Hyper-V Key-Value Pair Data Exchange Part 3: Linux

Hyper-V Key-Value Pair Data Exchange Part 3: Linux

Some time ago, I discovered uses for Hyper-V Key-Value Pair Data Exchange services and began exploiting them on my Windows guests. Now that I’ve started building Linux guests, I need similar functionality. This article covers the differences in the Linux implementation and includes version 1.0 of a program that allows you to receive, send, and delete KVPs.

For a primer on Hyper-V KVP Exchange, start with this article: Hyper-V Key-Value Pair Data Exchange Part 1: Explanation.

The second part of that series presented PowerShell scripts for interacting with Hyper-V KVP Exchange from both the host and the guest sides. The guest script won’t be as useful in the context of Linux. Even if you install PowerShell on Linux, the script won’t work because it reads and writes registry keys. It might still spark some implementation ideas, I suppose.

What is Hyper-V Key-Value Pair Data Exchange?

To save you a few clicks and other reading, I’ll give a quick summary of Hyper-V KVP Exchange.

Virtual machines are intended to be “walled gardens”. The host and guest should have limited ability to interact with each other. That distance sometimes causes inconvenience, but the stronger the separation, the stronger the security. Hyper-V’s KVP Exchange provides one method for moving data across the wall without introducing a crippling security hazard. Either “side” (host or guest) can “send” a message at any time. The other side can receive it — or ignore it. Essentially, they pass notes by leaving them stuck in slots in the “wall” of the “walled garden”.

KVP stands for “key-value pair”. Each of these messages consists of one text key and one text value. The value can be completely empty.

How is Hyper-V KVP Exchange Different on Linux?

On Windows guests, a service runs (Hyper-V Data Exchange Service) that monitors the “wall”. When the host leaves a message, this service copies the information into the guest’s Windows registry. To send a message to the host, you (or an application) create or modify a KVP within a different key in the Windows registry. The service then places that “note” in the “wall” where the host can pick it up. More details can be found in the first article in this series.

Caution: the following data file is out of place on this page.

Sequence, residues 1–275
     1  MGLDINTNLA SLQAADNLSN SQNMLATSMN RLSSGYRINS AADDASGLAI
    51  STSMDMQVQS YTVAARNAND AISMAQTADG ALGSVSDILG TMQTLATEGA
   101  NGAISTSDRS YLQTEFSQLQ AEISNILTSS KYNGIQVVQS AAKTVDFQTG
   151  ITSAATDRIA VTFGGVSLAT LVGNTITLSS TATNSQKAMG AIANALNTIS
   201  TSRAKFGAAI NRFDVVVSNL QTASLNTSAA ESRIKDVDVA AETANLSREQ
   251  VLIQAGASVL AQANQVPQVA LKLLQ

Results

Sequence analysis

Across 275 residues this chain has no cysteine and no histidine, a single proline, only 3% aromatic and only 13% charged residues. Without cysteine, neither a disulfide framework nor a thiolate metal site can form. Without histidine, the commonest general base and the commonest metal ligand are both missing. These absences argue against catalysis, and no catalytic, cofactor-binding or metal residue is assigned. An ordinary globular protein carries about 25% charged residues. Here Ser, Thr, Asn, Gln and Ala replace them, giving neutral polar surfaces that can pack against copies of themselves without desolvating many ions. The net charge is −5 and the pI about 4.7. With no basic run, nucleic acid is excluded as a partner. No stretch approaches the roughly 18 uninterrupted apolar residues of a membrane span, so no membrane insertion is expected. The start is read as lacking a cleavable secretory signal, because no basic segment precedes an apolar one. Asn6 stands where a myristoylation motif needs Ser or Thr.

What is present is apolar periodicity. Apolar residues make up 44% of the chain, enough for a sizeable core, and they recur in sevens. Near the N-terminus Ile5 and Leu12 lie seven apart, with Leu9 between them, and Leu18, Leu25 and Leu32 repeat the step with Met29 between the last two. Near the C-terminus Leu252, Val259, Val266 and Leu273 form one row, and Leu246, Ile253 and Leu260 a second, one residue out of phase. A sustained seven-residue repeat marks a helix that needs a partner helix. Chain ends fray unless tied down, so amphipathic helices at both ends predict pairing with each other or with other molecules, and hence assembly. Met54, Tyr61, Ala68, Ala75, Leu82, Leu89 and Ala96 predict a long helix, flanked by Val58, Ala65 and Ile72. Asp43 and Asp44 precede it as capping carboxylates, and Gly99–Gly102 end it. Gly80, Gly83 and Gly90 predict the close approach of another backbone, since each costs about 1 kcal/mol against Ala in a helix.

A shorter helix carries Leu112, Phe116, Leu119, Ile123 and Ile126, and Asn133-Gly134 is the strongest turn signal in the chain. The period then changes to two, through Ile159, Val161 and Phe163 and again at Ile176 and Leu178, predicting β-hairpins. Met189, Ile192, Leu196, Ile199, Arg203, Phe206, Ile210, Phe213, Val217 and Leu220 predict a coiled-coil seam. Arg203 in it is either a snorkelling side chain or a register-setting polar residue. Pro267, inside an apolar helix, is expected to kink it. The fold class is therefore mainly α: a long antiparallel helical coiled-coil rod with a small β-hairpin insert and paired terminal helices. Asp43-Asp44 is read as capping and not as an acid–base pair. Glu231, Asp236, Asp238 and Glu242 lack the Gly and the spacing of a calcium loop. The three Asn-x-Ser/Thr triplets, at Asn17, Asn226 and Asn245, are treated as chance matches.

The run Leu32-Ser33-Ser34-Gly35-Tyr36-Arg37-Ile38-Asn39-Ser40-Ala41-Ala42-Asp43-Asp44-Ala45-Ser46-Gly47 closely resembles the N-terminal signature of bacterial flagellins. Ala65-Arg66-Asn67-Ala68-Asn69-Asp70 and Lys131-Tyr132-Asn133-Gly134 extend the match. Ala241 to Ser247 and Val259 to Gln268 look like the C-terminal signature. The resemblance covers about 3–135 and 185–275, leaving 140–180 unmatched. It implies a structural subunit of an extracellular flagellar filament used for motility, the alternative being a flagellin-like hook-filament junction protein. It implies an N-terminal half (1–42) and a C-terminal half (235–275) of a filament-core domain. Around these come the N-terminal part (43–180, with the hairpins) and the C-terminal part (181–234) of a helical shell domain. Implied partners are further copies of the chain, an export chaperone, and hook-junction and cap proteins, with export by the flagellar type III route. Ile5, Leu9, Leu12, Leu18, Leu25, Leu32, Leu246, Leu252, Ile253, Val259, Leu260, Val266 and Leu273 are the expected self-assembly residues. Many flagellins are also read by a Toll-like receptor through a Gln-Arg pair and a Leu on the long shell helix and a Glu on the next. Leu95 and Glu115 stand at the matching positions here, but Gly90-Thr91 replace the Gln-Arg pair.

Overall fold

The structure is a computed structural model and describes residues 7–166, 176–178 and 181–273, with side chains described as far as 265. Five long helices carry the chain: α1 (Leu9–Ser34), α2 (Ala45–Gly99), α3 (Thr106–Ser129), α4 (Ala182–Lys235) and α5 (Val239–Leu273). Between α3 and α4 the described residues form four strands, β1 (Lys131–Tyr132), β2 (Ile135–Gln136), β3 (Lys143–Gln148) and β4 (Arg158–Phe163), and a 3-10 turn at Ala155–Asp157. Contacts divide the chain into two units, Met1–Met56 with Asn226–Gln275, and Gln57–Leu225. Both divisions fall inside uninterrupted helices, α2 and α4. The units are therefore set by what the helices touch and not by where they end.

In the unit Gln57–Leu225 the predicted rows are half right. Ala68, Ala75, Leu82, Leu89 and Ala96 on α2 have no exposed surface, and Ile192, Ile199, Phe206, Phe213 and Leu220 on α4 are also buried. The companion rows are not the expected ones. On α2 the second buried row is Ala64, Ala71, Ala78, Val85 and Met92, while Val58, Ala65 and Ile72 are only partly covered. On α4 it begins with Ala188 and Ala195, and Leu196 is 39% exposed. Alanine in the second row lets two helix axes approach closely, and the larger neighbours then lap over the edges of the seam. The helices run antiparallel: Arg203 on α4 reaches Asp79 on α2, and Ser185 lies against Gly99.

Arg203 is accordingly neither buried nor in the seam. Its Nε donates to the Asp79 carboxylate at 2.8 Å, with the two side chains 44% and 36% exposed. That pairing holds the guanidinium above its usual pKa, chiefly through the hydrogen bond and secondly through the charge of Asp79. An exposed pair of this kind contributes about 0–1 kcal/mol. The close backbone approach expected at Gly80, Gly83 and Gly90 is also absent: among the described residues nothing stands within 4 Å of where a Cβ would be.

Linux runs a daemon that is the analog to the Windows service. It has slightly different names on different platforms, but I’ve been able to locate it on all of my distributions with sudo service --status-all | grep kvp. It may not always be running; more on that in a bit.

Linux doesn’t have a native analog to the Windows registry. Instead, the daemon maintains a set of files. It receives inbound messages from the host and places them in particular files that you can read (or ignore). You can write to one of the files. The daemon will transfer those messages up to the host.

On Windows, I’m not entirely certain of any special limits on KVP sizes. A registry key can be 16,384 characters and there is no hard-coded limit on value size. I have not tested how KVP Exchange handles these extents on Windows. However, the Linux daemon has much tighter constraints. A key can be no longer than 512 bytes. A value can be no longer than 2,048 bytes.